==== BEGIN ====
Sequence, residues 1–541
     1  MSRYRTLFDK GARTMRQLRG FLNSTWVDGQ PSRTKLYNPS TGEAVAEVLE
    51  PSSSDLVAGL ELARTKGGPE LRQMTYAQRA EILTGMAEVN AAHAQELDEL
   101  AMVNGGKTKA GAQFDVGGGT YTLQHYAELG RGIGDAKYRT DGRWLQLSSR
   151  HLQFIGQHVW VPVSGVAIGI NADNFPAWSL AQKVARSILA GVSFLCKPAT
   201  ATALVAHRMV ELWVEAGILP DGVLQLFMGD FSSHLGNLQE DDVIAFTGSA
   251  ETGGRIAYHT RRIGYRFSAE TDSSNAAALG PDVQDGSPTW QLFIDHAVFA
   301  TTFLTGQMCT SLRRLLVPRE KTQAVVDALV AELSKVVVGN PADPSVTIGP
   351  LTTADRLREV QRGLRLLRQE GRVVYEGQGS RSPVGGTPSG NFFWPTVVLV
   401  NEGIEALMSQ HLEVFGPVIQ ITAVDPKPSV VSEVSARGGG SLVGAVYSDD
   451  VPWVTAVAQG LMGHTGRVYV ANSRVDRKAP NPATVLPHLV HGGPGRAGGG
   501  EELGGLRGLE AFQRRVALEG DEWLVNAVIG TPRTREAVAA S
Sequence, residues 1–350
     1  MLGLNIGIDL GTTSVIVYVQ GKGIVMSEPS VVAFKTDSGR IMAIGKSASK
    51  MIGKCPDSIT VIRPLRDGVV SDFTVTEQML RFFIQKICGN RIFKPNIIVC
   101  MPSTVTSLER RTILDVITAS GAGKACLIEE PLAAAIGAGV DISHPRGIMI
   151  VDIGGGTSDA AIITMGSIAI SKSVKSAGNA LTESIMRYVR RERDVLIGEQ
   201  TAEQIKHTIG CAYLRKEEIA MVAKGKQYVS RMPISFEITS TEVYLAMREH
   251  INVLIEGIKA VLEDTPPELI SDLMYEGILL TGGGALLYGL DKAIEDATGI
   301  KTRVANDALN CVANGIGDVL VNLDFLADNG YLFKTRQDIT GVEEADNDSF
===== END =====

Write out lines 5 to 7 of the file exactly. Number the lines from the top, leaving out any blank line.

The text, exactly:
   151  HLQFIGQHVW VPVSGVAIGI NADNFPAWSL AQKVARSILA GVSFLCKPAT
   201  ATALVAHRMV ELWVEAGILP DGVLQLFMGD FSSHLGNLQE DDVIAFTGSA
   251  ETGGRIAYHT RRIGYRFSAE TDSSNAAALG PDVQDGSPTW QLFIDHAVFA